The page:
Jennifer O’Connell: ‘I swear Meghan Markle looked directly at me’

Not everyone embraced the spectre of a diverse new Britain with the same enthusiasm

Britain's Prince Harry has married American actress Meghan Markle in a lavish ceremony at Windsor Castle. Video: Reuters

 

“What are you wearing to the royal wedding?”

“Jeans and runners probably.”

“I’m not telling people you’re wearing jeans and runners to the royal wedding,” she said. My mum is not a jeans and runners person, not even in the most jeans-appropriate occasions, which weddings, generally, are not.

I’m not actually going to the royal wedding, I said. I’ll be standing on the street outside. You do know that? I’m not going to be in the church? Mum?

But she’d already hung up. Judging by the number of texts, emails and WhatsApp messages I got on the same subject, I must have accidentally inferred to quite a few people that I was going to the royal wedding, as opposed to going to Windsor when the royal wedding was on. It’s close, but not quite the same – like saying you’ve been to Mars, when what you really mean is you are partial to eating the occasional frozen fun-size Mars bars.

But far from being the short straw, it turns out that going to Windsor while the royal wedding is on is a vastly superior form of entertainment to going to Windsor chapel while the royal wedding is on. Just look at Victoria Beckham’s miserable face if you don’t believe me.

Actual wedding guests had to get up at the crack of dawn to allow time to deal with unexpected catastrophes like fake tan streaks or deodorant stains under the arms of their dresses, or – in Oprah’s case – the discovery that the lovely beige outfit she’d been planning to wear actually, in the light of day, became incontrovertibly, catastrophically white. And then she had to face the embarrassment of calling Stella McCartney to ask her if there was anything that could be done for it with a quick soak in Dylon. Luckily there was, and Oprah’s blush pink outfit turned out nicely, but it must have been a terse exchange all the same.

Wrong moment

Self-invited wedding guests didn’t have to sit on hard benches in a chilly chapel sucking in their tummies for seven hours in case the TV camera alighted on them at just the wrong moment, all for the privilege of watching everything on an inferior television to the one they had at home.

Instead, they spread themselves out on the grass, unfurling their gingham picnic blankets, and magicking plastic jugs of Pimm’s and bottles of prosecco up out of enormous picnic baskets. They drank to the diverse new Britain that had brought them all unexpectedly together – the diehard royalists, the African Americans, the Canadians, the curious Europeans, the fans who loved Meghan for Suits or her feminism, and the Harry brigade, which seemed to consist mostly of older women whose eyes misted over every time they tried to talk about “those poor boys” walking behind their mother’s coffin.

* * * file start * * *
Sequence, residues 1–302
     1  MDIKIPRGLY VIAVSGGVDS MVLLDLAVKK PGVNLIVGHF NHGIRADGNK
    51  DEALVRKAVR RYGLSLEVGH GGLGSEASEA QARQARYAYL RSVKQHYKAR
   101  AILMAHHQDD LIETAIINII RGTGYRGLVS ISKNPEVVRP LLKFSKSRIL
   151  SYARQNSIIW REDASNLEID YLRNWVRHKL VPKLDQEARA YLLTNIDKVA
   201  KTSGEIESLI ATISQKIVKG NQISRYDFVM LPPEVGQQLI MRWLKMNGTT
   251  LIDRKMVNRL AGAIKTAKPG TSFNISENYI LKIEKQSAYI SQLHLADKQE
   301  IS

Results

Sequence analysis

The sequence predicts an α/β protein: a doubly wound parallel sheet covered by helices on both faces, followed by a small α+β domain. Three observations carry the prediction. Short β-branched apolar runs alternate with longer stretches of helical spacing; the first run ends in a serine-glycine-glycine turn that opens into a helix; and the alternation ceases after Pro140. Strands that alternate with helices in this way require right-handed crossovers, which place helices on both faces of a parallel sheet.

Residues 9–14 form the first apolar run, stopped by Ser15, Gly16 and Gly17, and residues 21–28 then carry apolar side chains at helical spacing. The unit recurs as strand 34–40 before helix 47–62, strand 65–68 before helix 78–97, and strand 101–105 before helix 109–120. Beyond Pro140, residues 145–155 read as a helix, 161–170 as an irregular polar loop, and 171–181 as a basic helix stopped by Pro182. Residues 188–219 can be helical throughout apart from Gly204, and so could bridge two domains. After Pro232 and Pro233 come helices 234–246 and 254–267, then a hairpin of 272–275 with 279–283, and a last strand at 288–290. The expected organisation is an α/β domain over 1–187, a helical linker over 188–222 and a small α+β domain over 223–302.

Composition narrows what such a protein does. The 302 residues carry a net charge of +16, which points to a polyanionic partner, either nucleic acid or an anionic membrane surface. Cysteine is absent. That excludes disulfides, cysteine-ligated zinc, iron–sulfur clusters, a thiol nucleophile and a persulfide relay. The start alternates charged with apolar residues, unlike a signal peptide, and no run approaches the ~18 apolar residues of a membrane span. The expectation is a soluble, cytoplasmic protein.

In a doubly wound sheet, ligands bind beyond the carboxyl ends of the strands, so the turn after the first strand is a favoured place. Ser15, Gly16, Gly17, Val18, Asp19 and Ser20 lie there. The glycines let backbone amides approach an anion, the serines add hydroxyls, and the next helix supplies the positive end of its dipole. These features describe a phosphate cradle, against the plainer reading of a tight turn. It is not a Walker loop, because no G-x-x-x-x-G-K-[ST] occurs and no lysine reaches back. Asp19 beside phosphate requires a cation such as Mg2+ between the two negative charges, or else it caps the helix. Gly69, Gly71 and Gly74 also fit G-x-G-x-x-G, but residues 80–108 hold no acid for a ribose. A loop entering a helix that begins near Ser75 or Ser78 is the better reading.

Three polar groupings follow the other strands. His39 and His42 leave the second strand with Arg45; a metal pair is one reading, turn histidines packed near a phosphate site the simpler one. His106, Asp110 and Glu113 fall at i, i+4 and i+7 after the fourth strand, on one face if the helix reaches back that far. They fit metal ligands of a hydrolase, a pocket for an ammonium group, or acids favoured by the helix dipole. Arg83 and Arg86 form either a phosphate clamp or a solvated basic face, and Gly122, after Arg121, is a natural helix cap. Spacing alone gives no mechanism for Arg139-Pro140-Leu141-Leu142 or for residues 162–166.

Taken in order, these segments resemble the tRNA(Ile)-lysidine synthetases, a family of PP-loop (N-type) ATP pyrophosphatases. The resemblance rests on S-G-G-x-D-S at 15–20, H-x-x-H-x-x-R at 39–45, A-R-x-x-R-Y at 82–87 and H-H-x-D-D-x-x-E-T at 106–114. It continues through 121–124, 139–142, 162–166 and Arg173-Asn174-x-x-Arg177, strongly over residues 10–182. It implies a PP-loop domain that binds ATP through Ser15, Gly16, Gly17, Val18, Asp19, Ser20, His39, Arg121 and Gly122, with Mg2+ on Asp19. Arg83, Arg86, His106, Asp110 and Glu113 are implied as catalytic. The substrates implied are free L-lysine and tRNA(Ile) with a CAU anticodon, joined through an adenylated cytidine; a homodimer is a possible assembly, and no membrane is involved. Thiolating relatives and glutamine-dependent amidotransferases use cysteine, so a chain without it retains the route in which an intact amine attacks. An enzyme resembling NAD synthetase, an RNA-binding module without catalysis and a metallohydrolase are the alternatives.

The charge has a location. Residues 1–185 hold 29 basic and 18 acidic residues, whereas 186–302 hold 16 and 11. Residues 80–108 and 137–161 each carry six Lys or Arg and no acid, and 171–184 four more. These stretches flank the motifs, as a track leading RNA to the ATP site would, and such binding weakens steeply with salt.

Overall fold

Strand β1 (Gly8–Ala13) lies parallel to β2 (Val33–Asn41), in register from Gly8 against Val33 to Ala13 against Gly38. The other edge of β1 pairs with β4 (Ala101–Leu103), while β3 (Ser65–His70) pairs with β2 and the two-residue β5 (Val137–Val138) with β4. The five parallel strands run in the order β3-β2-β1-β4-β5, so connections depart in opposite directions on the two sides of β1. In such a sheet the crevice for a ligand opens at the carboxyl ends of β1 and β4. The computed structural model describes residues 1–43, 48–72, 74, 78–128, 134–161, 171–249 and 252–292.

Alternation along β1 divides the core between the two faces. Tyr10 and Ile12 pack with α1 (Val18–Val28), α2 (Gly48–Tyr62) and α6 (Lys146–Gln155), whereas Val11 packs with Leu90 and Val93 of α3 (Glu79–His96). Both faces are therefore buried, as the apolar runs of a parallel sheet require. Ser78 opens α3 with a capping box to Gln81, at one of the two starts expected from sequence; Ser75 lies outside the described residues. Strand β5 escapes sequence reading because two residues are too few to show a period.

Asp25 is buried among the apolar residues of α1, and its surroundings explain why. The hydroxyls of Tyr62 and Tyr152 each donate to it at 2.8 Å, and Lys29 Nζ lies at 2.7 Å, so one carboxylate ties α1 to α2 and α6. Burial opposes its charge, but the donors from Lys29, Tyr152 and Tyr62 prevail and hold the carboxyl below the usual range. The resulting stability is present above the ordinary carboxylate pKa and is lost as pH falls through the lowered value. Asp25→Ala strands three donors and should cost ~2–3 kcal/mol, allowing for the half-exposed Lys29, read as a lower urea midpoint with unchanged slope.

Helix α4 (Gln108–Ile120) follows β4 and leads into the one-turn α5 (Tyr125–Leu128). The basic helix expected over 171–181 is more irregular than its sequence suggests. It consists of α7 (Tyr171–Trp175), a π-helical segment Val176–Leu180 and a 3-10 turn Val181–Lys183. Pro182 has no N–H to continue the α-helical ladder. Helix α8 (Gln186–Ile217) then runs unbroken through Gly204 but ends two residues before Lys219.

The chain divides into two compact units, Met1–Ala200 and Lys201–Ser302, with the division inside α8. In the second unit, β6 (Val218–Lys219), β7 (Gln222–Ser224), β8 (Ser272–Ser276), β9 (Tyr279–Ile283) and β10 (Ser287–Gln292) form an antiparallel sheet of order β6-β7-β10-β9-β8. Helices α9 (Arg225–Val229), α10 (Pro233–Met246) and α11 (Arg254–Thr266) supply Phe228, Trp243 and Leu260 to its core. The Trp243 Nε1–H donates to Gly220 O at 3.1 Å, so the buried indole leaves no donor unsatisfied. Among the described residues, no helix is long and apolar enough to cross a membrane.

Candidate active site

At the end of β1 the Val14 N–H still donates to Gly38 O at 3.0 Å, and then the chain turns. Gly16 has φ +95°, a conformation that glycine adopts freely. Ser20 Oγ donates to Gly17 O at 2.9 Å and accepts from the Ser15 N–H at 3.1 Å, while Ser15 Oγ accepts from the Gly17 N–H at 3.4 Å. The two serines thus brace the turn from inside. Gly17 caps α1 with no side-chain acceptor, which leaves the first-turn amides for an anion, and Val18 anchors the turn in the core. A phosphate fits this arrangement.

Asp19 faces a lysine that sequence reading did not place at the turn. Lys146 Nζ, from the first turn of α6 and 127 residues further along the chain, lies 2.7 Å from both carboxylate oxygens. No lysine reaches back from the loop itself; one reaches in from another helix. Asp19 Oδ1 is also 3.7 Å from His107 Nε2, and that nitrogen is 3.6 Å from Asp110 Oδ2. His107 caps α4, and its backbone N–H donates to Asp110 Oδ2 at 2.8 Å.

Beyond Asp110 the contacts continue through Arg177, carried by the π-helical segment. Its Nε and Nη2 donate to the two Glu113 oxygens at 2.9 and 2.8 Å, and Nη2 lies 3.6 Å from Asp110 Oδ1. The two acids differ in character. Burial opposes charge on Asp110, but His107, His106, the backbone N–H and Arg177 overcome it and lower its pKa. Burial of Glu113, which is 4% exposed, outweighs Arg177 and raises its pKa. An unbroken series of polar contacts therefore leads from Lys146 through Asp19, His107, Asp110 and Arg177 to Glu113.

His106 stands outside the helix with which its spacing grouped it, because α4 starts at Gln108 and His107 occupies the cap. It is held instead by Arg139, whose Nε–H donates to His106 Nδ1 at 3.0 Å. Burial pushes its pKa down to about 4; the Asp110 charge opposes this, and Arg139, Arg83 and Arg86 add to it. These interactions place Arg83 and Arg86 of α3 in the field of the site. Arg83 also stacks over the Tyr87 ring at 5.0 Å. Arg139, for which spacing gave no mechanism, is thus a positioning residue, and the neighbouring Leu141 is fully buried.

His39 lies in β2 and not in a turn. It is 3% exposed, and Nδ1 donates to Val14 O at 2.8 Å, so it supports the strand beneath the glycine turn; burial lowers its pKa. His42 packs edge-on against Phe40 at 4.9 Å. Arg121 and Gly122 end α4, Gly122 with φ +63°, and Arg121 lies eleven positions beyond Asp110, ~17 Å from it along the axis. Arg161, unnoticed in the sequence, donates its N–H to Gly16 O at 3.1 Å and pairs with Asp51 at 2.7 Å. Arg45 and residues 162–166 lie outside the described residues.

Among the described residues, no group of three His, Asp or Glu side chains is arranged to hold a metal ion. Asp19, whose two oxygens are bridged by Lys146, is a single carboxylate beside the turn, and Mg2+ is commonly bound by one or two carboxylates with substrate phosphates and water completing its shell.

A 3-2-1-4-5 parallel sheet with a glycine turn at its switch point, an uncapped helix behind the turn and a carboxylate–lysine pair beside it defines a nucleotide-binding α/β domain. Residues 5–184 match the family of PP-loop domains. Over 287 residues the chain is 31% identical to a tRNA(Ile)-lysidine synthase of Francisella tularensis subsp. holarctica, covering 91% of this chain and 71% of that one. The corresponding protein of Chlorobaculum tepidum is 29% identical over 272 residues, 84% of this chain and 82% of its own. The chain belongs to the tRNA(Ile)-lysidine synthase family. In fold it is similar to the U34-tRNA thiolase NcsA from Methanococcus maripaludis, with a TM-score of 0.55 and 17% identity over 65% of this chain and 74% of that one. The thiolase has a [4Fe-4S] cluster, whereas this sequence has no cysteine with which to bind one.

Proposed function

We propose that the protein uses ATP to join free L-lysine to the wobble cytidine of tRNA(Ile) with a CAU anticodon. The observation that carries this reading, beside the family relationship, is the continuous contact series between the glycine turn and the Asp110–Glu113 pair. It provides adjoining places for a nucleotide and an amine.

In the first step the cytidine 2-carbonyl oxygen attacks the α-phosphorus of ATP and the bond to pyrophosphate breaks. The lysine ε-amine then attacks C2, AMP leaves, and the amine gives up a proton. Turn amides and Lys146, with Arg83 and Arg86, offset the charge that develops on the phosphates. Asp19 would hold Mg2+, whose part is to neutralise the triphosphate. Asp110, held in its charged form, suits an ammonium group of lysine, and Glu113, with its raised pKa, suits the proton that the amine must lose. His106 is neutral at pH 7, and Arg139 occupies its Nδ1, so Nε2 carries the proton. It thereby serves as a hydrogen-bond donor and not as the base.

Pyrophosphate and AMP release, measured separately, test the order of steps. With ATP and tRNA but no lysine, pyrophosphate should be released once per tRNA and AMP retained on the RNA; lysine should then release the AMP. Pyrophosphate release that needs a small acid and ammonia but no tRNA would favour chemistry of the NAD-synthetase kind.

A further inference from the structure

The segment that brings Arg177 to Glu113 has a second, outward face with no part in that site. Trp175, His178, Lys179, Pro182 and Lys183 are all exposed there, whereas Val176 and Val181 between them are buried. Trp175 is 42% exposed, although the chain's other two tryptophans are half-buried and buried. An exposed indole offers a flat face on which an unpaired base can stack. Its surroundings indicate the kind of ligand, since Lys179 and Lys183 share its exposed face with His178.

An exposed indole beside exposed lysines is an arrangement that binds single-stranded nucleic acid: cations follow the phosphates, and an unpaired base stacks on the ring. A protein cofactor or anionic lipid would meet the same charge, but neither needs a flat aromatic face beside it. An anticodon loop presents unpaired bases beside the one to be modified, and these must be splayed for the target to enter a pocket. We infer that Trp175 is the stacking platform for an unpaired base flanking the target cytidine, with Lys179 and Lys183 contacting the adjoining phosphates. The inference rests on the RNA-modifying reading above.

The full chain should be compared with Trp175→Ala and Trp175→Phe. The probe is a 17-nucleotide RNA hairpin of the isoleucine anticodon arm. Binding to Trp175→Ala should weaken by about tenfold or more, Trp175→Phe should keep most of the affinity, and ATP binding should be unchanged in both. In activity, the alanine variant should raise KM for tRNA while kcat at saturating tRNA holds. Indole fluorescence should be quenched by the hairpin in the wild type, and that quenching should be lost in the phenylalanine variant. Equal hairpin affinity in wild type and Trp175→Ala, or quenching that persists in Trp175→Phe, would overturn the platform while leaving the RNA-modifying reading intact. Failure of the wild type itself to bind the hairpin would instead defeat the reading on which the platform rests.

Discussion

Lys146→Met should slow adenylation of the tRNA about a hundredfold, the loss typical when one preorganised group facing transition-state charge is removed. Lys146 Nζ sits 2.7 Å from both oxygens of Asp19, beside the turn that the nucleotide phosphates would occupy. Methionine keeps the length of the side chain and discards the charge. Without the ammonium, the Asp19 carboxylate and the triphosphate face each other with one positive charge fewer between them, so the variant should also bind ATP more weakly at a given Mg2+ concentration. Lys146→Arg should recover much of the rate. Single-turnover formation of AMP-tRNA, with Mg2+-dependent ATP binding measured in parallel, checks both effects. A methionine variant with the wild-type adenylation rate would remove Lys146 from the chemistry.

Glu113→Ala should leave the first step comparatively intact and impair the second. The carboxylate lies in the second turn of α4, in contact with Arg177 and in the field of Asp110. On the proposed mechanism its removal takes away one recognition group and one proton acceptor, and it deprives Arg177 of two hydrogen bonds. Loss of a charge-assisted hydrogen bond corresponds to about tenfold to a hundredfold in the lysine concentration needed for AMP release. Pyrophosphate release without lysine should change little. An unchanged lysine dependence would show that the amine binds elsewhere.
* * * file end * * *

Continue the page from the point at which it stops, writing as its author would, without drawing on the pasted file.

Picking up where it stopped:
Prince Harry and Meghan Markle leave St George’s Chapel at Windsor Castle after their wedding. Photograph: Gareth Fuller/PA Wire
Prince Harry and Meghan Markle leave St George’s Chapel at Windsor Castle after their wedding. Photograph: Gareth Fuller/PA Wire

When the ceremony ended, we got to see Meghan and Harry whizzing by in their carriage, which – I bet – is more than most of the invited guests can say. I have a photo that captures the moment I swear Meghan looked right over the heads of the crowd and directly at me. She’s not looking right at me in the photo, but you can totally tell she just was.

Thanks to my photo of Meghan, and the souvenir Meghan and Harry tin of chocolate chip biscuits I picked up in the airport on the way home, there’s really nothing to suggest to future generations I wasn’t actually at the royal wedding.

Mistress

I had just finished sharing my moment with Meghan when I overheard an extraordinarily posh English man called Paul, a Windsor local I guessed, say to friends that he and Claire were thinking about buying a bolthole in Oxford for young Ben, who’d be going up there next year, if he kept the head down. They already had a bolthole in London, right by Claridges. “Perfect for one, but not big enough to accommodate a mistress,” Paul chuckled and everyone howled, except Claire, who smiled tightly.

And now they needed another in Oxford, clever Ben. But where in Oxford, he wondered. Where were the – you know – decent neighbourhoods? The subtle stress on “decent” meant everyone else knew what he meant, and there were embarrassed titters all around. He couldn’t say that anymore, not now, someone said. Why can’t I say “decent”, Paul bellowed in mock affront.

This is the new, modern Britain, didn’t he know, they said, throwing an arm in the general direction of the crowd.

There was a brief silence, and then Claire – perhaps to make up for Paul’s indiscretion – threw a crumb to this new, modern Britain in which they were all of a sudden adrift. That cellist really was rather good, wasn’t he, she said. From the same, slight stress on the word “that”, everyone knew immediately the cellist was not really one of their own. I hadn’t seen the cellist on the big screen, but I knew when I googled it later, that I would discover he was black. (His name is Sheku Kanneh-Mason and yes, Claire, he really is rather good.)

It was a lovely day, even if the spectre of a shiny and diverse new Britain wasn’t embraced with quite the same degree of enthusiasm by everyone. Anyway, have I mentioned I was at the royal wedding?

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